He writes,

Any single year there has been inflation, from one year to the next.

From 1900 to 2008 there has been radical *deflation*, for instance in the Sears catalog. You’d rather spend 10K in the modern catalog than in the old catalog.

If you look at inflation year by year, the cost of living goes up very year. However, Tyler suggests, if you had $10,000 to spend you would rather spend it on today’s goods at today’s prices than on goods in 1900 at 1900 prices.

That may be a bit strong. With $10,000 in 1900, I believe you could have taken care of all of your food, clothing, and shelter needs for the year with plenty of money left over. Not so today. (Of course, in 1900 your food would be bland, your clothing would be uncomfortable, and your shelter would not have air conditioning–possibly not even indoor plumbing. So the comparison is awkward.)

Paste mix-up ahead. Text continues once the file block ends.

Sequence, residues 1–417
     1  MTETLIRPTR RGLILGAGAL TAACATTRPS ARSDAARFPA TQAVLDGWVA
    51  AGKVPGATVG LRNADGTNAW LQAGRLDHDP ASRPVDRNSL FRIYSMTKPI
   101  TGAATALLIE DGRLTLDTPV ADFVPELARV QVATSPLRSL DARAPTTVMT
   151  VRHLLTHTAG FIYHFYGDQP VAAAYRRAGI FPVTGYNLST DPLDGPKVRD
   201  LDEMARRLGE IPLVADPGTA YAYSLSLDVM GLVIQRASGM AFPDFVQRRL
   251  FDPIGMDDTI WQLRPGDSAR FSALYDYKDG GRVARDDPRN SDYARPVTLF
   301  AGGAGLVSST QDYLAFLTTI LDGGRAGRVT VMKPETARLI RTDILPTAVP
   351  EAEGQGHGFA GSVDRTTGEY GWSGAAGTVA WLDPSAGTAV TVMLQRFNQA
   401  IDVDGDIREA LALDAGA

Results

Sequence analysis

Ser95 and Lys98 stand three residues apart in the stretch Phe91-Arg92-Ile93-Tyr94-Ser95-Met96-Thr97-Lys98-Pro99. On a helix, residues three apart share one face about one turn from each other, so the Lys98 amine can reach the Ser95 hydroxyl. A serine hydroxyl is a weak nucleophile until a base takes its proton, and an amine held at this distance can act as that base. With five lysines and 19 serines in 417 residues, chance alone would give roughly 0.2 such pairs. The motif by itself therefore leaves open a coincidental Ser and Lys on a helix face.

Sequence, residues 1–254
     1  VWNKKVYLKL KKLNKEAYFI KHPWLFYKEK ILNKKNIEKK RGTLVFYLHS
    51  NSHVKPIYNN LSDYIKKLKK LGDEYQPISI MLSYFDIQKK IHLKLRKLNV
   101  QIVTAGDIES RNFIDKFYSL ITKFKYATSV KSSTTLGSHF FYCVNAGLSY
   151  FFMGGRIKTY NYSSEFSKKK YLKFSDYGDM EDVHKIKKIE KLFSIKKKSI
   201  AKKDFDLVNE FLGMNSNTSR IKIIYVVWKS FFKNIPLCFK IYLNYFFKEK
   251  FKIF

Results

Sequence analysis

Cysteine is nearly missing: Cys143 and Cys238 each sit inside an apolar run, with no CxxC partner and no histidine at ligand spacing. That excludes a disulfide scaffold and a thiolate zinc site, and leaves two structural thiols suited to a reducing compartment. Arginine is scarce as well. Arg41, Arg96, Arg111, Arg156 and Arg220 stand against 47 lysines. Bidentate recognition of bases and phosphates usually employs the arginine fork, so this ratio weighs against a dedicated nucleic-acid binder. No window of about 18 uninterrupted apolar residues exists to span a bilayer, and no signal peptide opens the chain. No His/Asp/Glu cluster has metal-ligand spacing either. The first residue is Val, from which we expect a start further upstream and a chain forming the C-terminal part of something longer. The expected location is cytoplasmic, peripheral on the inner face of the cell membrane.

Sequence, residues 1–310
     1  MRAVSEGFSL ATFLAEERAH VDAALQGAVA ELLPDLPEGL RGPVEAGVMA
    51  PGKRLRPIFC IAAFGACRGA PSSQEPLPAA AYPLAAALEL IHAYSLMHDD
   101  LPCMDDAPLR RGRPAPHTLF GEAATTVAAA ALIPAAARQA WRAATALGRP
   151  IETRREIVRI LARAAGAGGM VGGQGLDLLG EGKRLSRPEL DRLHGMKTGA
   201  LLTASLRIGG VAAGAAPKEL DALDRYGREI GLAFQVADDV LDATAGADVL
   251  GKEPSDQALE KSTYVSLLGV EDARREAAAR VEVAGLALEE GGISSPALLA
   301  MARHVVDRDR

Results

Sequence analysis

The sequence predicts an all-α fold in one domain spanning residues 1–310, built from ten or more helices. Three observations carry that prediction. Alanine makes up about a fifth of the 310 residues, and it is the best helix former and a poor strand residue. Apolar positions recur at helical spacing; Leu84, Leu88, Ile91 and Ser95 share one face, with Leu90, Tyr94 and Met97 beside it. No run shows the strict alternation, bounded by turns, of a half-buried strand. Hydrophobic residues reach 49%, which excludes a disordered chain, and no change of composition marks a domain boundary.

In any event, I think that Tyler’s larger point holds. The upward drift in quality of goods and services is significant, and therefore so is the cumulative over-estimate of long-term inflation. This means that when people try to compare real incomes across generations, they are entering a fool’s realm.

The title for this post comes from my memories of Curt Flood, a centerfielder for the Cardinals. His striking defensive plays were so frequent that we referred to them as “Flood’s daily miracle.”